“This letter is to express our deep concern over the continued attacks on the new farm law,” the letter said. “If sustained, these attacks will divide the U.S. agricultural community, mislead the American public and ultimately result in the demise of one of this nation’s most productive and valuable industries.”

The writers, who farm across an area from Riverdale, Calif., to Windsor, Va., said new efforts to amend the farm bill barely one year after enactment and before it is fully implemented, are having a destabilizing effect on production agriculture.

“Farmers in our communities are reluctant to make investments, to enter into long-term leases, to purchase equipment and to make market-driven cropping and agricultural marketing decisions,” the writers said.

“There seems to be a misunderstanding about what constitutes a commercially viable farming operation,” they noted. “Our operations have grown only as necessary to achieve economies of scale, not to generate more government benefits. It is important to realize that program benefits are not profit. Benefits simply help us survive during periods of low prices.”

Despite statements by environmental groups and members of Congress, cotton’s per acre payments as a percentage of the cash cost of production are actually lower than those for feed grains and oilseeds, they said.

“Our Commodity Credit Corp. loan price, as a percentage of our cost of production, is significantly lower than our cash cost of production. We have planted in response to market signals, not program benefits. This is not over-production. USDA projections show that cotton’s carryover stocks will have declined significantly during the current crop year and are expected to decline again in the next crop year.”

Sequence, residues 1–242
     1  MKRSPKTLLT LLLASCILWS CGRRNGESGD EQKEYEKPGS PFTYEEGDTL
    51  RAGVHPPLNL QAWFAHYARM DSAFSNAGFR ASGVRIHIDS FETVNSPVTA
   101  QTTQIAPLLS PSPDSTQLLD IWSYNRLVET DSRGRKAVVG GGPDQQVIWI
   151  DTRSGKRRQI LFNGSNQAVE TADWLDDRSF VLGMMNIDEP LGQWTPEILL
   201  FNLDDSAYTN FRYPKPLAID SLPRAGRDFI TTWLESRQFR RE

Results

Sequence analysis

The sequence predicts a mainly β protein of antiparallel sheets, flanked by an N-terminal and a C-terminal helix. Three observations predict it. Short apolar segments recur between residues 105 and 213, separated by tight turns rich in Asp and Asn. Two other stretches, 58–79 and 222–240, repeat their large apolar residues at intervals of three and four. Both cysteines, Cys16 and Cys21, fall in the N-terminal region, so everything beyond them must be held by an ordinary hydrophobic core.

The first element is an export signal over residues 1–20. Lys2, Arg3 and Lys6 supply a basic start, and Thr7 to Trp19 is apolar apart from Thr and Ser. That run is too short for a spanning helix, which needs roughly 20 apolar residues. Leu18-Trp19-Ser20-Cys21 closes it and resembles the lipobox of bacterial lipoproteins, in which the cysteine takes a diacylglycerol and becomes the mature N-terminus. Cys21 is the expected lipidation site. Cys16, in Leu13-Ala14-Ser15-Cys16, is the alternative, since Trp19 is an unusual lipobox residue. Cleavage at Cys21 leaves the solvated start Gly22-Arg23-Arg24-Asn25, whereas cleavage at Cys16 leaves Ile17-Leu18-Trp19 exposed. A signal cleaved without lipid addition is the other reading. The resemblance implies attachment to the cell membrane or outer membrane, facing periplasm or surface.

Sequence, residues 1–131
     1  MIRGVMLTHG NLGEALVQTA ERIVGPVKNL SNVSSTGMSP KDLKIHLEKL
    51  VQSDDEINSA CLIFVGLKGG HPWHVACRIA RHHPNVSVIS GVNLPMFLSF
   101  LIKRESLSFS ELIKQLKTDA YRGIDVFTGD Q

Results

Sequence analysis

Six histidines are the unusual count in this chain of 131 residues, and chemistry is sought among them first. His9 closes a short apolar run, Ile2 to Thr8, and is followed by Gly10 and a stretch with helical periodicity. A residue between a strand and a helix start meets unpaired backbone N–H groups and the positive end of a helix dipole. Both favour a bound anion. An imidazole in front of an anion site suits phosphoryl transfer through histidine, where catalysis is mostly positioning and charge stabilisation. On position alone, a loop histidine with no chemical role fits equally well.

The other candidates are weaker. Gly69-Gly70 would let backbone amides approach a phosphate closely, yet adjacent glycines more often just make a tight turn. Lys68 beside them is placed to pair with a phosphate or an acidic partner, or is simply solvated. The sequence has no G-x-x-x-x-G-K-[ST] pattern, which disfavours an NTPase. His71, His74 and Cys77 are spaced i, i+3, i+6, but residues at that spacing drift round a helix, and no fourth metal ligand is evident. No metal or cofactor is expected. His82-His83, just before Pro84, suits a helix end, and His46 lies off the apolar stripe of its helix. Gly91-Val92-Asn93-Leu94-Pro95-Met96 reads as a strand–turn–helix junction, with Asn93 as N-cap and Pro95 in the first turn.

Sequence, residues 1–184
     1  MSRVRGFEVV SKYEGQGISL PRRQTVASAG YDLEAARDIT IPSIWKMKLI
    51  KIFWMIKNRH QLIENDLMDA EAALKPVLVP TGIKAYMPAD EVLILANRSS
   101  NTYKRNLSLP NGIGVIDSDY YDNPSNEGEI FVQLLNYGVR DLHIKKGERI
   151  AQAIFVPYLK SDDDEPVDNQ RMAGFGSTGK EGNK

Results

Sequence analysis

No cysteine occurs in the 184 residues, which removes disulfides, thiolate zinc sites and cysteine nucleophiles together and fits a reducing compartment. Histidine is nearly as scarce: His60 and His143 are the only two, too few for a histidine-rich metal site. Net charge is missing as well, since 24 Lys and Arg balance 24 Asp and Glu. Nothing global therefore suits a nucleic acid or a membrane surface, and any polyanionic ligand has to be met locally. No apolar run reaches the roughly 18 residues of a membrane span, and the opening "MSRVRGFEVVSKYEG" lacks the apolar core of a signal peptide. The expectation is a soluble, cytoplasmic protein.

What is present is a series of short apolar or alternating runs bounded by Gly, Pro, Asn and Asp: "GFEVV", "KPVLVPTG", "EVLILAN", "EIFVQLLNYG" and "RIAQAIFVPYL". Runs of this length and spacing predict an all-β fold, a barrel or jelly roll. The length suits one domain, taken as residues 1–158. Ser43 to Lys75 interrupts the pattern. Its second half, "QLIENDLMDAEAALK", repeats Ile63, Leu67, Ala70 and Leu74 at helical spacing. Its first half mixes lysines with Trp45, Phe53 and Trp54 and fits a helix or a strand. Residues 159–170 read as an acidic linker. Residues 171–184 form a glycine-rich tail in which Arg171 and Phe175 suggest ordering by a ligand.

USDA studies of agriculture census data show that program payments have not contributed to increases in farm size over the last 20 years, as some groups have claimed. The studies conclude that program benefits only account for 8 percent of the increase in land values.

“Without doubt, we are most concerned about the constant threat of amendments to apply even more restrictive limits on farm program benefits. With more restrictive limits and during periods of low prices, a producer of cotton, rice and peanuts will be limited on far fewer acres than a farmer with grains and oilseeds,” they said.

“The limits being discussed likely would result in numerous family operations abandoning farming. Another option for survival will be a shift to grains and oilseeds—the crops where limits have less impact. Out West, family farms will switch to specialty crops with the potential for severe disruptions in much narrower markets.

“And, many landlords will shift to cash rent. The loss of share rent agreements, an effective risk-sharing arrangement, will subject tenant farmers to greater risk exposure and increased difficulty in financing.”

The farmers said the United States must have a “a stable, predictable and equitable farm policy. U.S. agricultural policy is not just about loan rates and payment limits. Renewable fuel policy is critical to reducing our nation’s dependence on foreign oil. Effective conservation programs will ensure the protection of our tremendously productive soil and water resources.”

Limiting farmers’ access to a financial safety-net is not in the best interest of the U.S. rural economy, production agriculture or the U.S. consumer, they said.

“Current farm law needs to remain intact,” they said. “We appreciate your support and encourage you to be certain that your colleagues from outside the Cotton Belt understand the importance of maintaining the new farm law.

Delta farmers sending the letters include: Laudies Brantley, England, Ark.; Dan Branton, Leland, Miss.; Boyd Holley, Bastrop, La.; C.B. King, Canton, Miss.; Charles Parker, Senath, Mo.; Ray Sneed, Millington, Tenn.; and Barney Wade, Calhoun City, Miss.

e-mail: flaws@primediabusiness.com